Zach Sylvain is an assistant professor of biology in the Marian University college of Arts and Sciences. He earned a B.Sc. in biology and M.Sc. in entomology from McGill University, and his Ph.D. in ecology from Colorado State University, where he studied the effects of drought on soil organisms at regional/global and local scales in the western US and Antarctica. He was a visiting postdoctoral fellow with the Canadian Forest Service at the Atlantic Forestry Centre in New Brunswick where he studied interactions between and outbreaking insect (spruce budworm) and soil communities, and the role shrub willow planting can play in establishing soil communities during restoration of a surface coal mine. He was then a postdoctoral scientist with the US Department of Agriculture’s Agricultural Research Service, where he led a project studying how successful oilfield reclamation efforts have been in restoring rangeland plant, insect and soil communities and potential pitfalls in current reclamation methods. He joined the Marian faculty in 2020, where he will continue to study the effects of environmental changes (especially drought, urbanization, and species invasions) and restoration activities on insects, soil invertebrates and interactions between aboveground and belowground organisms.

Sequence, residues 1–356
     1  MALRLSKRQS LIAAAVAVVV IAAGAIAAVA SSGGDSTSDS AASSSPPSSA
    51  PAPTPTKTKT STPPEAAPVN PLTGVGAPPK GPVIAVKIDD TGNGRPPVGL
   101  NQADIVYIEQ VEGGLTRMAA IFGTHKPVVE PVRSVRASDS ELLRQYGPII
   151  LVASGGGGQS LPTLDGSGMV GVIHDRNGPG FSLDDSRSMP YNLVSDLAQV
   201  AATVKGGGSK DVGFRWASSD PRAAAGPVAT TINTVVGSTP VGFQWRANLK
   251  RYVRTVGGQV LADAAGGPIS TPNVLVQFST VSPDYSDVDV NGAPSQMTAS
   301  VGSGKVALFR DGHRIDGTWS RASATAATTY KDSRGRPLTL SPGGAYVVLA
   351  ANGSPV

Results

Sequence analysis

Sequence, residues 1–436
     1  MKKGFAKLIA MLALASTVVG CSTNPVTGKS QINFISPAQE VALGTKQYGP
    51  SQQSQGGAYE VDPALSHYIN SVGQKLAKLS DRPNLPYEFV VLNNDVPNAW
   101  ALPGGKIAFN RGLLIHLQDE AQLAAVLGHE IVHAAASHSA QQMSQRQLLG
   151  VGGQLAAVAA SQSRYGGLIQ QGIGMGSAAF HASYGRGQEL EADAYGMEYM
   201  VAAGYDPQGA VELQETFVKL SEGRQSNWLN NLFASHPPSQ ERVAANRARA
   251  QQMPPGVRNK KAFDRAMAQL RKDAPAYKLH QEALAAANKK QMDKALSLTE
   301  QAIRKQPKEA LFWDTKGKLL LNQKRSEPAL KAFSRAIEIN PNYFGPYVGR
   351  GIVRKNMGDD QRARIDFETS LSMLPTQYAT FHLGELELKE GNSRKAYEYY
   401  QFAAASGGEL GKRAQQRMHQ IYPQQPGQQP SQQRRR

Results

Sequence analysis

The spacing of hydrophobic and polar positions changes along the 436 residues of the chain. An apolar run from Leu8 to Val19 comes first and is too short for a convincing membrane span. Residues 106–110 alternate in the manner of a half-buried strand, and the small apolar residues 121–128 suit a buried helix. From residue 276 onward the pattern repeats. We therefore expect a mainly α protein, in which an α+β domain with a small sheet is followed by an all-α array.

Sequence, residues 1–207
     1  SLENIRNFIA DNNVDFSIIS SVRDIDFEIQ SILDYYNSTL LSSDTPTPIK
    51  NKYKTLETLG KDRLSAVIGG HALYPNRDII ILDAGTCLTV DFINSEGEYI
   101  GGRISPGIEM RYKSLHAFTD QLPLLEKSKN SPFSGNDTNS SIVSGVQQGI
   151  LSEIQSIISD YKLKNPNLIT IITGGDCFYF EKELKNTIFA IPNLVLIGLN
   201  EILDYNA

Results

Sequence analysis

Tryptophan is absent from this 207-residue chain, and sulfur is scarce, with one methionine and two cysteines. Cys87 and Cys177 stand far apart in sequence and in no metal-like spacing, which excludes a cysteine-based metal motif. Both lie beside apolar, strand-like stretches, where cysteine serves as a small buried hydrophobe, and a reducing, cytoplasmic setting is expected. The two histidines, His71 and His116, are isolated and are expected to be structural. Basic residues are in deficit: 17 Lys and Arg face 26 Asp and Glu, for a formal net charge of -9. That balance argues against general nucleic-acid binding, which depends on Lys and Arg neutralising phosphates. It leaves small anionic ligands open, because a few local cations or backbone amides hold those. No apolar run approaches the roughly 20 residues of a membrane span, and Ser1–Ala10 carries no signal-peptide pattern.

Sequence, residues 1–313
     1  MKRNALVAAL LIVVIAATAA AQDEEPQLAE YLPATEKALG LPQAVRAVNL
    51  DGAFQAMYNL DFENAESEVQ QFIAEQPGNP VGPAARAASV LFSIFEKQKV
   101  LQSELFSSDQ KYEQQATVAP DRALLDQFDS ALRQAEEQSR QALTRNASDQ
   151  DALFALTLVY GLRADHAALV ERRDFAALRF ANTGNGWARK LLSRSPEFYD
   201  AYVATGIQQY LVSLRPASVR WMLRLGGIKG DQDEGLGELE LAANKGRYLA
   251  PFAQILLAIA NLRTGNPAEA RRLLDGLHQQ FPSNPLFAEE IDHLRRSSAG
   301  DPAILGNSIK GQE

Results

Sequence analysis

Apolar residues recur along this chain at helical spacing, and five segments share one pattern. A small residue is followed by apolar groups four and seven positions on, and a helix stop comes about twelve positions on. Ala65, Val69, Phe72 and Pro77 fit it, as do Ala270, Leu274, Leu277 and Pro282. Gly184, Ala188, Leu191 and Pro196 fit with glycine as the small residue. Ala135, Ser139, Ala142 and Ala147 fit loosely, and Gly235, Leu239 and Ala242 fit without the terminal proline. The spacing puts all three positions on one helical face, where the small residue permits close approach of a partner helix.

Please contact me via email for a copt of any listed publication of interest which you cannot access.
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